Opinion / Op-Ed Contributors

EU banking on investment to boost economic growth

By Fu Jing (China Daily) Updated: 2014-09-22 07:41

In the modern European Union office district in picturesque Luxemburg, the 10-floor glass building that houses about 2,000 employees of the European Investment Bank is among the earliest of Europe's energy saving buildings.

As the in-coming European Commission President Jean-Claude Juncker, who will take office in November, announced his "new deal" for the EU's reindustrialization, this bank has been tasked with shouldering the mission of boosting investment to give a shot in the arm to the EU economy. Juncker, who is seeking to finalize a 300 billion euro ($385 billion) investment scheme for the EU by February next year, wants the European Investment Bank to boost growth and jobs, which 25 million men and women, especially the young, desperately need.

Working in the clean, bright building since 2012, Werner Hoyer, the bank's president, has been working around clock with his colleagues to prepare detailed investment proposals for Juncker's team.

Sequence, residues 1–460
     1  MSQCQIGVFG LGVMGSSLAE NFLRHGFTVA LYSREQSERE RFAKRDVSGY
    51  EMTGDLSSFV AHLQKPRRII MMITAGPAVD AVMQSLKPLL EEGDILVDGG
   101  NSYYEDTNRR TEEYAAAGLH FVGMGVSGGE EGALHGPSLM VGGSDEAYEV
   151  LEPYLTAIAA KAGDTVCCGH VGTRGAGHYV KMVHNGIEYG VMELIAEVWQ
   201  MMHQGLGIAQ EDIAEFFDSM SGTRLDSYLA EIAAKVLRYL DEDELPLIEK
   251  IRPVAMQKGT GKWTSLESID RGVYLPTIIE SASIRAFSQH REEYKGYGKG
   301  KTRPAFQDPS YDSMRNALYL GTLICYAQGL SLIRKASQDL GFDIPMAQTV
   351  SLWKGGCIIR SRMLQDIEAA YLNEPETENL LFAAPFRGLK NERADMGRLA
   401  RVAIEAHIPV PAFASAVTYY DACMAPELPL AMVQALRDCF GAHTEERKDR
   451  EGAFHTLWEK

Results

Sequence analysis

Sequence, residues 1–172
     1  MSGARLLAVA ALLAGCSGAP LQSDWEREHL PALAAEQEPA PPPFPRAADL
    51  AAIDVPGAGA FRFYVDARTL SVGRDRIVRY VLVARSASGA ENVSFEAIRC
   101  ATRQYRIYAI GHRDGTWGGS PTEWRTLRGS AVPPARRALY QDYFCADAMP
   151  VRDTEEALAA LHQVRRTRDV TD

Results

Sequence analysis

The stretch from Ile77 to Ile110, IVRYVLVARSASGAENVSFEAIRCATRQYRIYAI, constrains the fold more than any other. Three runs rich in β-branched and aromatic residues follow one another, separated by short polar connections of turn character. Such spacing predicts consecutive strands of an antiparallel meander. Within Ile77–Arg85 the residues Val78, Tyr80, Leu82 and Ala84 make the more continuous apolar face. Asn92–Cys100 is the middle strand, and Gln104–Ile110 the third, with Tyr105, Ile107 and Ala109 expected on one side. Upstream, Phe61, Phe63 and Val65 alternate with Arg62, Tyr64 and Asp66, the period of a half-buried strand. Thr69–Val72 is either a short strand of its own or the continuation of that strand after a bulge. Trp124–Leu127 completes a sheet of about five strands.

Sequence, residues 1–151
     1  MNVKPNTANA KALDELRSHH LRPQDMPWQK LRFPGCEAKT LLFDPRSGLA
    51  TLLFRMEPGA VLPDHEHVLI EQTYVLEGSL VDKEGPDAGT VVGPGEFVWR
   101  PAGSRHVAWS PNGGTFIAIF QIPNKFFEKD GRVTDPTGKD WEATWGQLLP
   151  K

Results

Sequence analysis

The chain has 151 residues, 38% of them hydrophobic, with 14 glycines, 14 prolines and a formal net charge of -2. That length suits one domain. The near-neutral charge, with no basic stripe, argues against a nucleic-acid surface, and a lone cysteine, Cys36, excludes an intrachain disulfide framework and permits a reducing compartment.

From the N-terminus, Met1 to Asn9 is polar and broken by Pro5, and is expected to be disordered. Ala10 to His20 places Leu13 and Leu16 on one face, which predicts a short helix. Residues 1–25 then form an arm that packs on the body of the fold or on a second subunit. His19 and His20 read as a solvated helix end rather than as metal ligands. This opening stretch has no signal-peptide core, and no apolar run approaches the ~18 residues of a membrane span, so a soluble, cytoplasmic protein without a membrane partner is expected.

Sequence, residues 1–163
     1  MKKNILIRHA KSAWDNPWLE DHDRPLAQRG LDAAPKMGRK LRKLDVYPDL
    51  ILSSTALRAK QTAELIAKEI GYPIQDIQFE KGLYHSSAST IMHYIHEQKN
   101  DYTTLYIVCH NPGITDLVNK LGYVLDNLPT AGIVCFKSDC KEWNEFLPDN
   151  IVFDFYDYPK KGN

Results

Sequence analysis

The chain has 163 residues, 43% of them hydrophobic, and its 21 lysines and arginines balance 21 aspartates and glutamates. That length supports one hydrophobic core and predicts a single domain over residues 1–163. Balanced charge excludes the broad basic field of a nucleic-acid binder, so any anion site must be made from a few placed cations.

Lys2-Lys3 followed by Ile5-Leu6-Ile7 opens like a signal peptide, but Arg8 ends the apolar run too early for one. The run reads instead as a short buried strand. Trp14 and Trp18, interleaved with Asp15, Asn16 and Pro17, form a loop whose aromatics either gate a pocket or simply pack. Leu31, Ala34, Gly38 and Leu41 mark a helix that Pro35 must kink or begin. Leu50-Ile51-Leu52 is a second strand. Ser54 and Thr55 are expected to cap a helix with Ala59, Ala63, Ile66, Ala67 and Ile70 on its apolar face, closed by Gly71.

Hoyer, whose bank has now lent even more than the World Bank, said projects to mitigate climate change, improve energy efficiency and boost renewable energy should be among the investment priorities for the EU.

Coincidently, Hoyer is among a large EU delegation attending the UN climate summit, as world leaders gather in New York this week to inject political will into achieving a globally binding pact in Paris in 2015 to reduce greenhouse gas emissions.

Back in 2009 when the international community was negotiating a post-Kyoto protocol climate pact in Copenhagen, the EU found its position in the global talks on climate change had been weakened, despite the bloc being widely recognized as a green leader as it is seeking to cut carbon dioxide emissions by 20 percent from the 1990 level and save energy by 20 percent by 2020.

With negotiators worldwide scheduled to meet in Paris next year, the EU has even more reason to take the lead in the climate talks, apart from keeping its place on the moral high ground in the international framework on climate change.

But, having experienced two economic recessions during the past seven years, Juncker and Hoyer are anxious, since European investment in 2013 was about 20 percent less than it was in 2006. With the economic growth rate ranging from zero to one percent in most member states, almost none have surpassed their pre-crisis economic level.

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